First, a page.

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Wisdom Teeth Extraction
Your wisdom teeth (or your third molars), are usually the last teeth to erupt in your mouth. Your wisdom teeth can be functional if they are healthy and positioned correctly. However, there are often reasons why you may need to have your wisdom teeth extracted. In some cases your wisdom teeth can become impacted or only partially erupt through the gum in a misalignment. When impacted or partially impacted, your wisdom teeth can cause swelling, pain and even infection in the surrounding gum. They can also put pressure on the adjacent teeth, which can result in permanent damage to otherwise healthy teeth and their surrounding bone.

Sometimes, impacted or partially impacted wisdom teeth can also lead to the formation of cysts, and in worse case scenarios tumours, which could potentially destroy an entire section of your jaw. Finally, due to the difficulty of cleaning an impacted tooth, they need to be removed in order to prevent decay. For these reasons, the smart move is to have your wisdom teeth removed.
You may be wondering, when is the most appropriate time to have my wisdom teeth removed? There is no single right answer for everyone; however, if your dentist has advised you that your wisdom teeth look potentially problematic it's generally best to remove them sooner rather than later. This advice is based on the fact that the younger you are, the faster you heal. The likeliness of lingering numbness, jaw fracture or other complications also increases with age. The longer a problematic wisdom tooth is left in your mouth, the longer it has to cause problems.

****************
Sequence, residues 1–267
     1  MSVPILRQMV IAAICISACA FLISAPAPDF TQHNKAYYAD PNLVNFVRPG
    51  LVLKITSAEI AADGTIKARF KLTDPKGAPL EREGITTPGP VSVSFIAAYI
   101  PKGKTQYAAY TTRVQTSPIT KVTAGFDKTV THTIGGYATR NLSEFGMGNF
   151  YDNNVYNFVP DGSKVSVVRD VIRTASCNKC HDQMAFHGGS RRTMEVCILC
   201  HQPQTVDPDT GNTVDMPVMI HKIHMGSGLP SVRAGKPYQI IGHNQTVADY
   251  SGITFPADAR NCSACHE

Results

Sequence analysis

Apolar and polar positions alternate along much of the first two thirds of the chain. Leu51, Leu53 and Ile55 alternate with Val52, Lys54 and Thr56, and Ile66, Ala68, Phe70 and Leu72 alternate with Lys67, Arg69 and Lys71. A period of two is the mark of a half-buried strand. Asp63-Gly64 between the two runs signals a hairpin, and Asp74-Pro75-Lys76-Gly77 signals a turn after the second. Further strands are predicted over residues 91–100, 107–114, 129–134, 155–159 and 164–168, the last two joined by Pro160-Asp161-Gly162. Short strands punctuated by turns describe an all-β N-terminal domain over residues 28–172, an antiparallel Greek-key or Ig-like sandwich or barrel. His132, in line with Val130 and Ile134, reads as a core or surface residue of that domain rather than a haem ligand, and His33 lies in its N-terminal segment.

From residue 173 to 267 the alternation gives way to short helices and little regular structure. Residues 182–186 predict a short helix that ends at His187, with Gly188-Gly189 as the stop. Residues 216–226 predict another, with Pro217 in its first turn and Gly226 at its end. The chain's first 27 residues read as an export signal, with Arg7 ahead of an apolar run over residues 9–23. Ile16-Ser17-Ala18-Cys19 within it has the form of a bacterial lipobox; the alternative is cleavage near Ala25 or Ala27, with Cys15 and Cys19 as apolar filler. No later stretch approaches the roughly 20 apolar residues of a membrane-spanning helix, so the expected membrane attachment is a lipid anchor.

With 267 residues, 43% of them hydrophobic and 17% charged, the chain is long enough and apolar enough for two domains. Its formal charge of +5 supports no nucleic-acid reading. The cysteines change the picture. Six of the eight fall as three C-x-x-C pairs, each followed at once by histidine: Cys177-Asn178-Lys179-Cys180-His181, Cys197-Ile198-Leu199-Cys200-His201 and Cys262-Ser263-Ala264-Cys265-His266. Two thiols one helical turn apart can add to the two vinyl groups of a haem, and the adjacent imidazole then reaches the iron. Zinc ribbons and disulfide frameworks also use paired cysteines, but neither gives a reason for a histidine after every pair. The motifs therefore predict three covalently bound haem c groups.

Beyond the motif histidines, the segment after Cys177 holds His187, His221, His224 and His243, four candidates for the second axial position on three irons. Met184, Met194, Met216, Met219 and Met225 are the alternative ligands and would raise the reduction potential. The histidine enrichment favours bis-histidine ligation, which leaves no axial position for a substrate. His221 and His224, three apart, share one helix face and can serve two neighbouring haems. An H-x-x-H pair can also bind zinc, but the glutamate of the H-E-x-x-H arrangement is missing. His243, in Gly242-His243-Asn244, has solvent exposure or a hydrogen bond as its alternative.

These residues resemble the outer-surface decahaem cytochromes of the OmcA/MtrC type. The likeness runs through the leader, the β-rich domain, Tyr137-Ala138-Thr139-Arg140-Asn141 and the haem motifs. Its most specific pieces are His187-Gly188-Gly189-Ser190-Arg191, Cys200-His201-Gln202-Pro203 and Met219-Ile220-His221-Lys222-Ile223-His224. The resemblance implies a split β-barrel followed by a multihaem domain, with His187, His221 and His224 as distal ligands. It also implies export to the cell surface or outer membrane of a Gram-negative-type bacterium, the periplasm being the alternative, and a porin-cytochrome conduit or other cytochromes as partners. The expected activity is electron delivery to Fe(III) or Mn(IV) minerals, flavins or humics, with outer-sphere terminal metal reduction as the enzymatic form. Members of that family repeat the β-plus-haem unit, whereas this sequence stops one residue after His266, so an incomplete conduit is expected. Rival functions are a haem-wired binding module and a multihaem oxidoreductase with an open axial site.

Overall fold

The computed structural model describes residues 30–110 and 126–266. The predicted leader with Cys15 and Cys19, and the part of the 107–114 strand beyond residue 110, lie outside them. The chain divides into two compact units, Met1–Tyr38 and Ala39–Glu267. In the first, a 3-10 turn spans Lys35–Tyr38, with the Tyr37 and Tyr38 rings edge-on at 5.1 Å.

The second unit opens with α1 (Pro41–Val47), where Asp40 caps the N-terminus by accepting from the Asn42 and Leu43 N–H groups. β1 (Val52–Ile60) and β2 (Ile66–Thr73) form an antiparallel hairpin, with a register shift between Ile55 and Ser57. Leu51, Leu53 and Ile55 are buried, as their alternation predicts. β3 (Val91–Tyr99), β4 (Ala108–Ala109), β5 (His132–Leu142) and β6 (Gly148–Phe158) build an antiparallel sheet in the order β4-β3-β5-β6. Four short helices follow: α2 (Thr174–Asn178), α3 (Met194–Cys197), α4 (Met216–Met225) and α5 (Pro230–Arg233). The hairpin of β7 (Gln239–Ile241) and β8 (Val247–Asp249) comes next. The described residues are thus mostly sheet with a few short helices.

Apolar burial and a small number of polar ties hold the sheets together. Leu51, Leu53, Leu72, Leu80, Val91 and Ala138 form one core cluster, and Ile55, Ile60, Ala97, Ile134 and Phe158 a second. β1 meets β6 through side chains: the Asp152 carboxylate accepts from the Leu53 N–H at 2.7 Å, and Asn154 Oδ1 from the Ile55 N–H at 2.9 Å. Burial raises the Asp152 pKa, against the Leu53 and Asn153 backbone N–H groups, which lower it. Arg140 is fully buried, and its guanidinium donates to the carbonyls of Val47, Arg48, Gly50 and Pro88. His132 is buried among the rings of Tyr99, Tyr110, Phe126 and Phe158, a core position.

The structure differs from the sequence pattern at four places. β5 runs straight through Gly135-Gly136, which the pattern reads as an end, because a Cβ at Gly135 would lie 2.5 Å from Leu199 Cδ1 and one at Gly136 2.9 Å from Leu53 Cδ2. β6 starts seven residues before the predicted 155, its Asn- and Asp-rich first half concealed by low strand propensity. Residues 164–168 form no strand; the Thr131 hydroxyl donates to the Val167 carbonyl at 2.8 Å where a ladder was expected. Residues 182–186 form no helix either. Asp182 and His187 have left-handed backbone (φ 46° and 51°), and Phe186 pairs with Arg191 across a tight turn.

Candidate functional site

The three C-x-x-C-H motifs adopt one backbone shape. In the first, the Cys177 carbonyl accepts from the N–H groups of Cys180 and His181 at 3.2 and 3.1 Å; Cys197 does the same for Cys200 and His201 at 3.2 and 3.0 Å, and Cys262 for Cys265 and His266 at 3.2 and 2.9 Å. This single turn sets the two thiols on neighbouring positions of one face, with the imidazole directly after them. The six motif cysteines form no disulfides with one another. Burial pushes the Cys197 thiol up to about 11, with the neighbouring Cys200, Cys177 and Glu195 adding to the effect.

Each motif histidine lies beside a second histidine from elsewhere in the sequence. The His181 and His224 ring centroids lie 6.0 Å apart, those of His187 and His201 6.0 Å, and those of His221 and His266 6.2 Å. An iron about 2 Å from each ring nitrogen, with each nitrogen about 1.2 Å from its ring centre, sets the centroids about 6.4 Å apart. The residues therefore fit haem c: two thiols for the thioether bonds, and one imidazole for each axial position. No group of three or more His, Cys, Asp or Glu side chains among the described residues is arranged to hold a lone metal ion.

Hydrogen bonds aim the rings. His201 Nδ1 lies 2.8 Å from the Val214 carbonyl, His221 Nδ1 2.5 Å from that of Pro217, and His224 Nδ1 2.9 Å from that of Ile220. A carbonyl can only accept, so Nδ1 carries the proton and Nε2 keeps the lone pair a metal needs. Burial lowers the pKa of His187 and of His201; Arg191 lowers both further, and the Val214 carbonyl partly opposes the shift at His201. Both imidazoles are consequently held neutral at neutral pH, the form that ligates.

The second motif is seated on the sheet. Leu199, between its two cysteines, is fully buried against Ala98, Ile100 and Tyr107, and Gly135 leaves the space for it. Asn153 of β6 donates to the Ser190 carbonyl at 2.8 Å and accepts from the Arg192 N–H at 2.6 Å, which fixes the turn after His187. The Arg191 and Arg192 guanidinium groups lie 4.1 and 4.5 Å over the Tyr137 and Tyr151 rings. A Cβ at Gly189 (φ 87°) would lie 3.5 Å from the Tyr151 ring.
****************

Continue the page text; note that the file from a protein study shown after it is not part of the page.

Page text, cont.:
Whether a dentist or a specialist is performing the extraction, the procedure is the same:

    1. First, a local anesthetic is given to make the procedure as comfortable as possible. In some cases, your doctor may elect to administer nitrous oxide gas in addition to the anesthetic, or use a general anesthetic to put you under entirely. 
    2. Once the area is numb, the extraction begins. A dental instrument called an elevator is used to wiggle the tooth in its socket.
    3. After the tooth is loosened it is removed using forceps or, in some more complicated cases, a surgical hand piece is also used to assist with the removal of the tooth.

Possible Complications of Extractions
Like most other procedures, tooth extraction is not free of possible complications. You should be aware that there is a slight chance of infection, tenderness, prolonged bleeding, dry socket and loosening of neighbouring teeth or their fillings or crowns. Jaw fracture and temporary or permanent numbness are also very rare possibilities.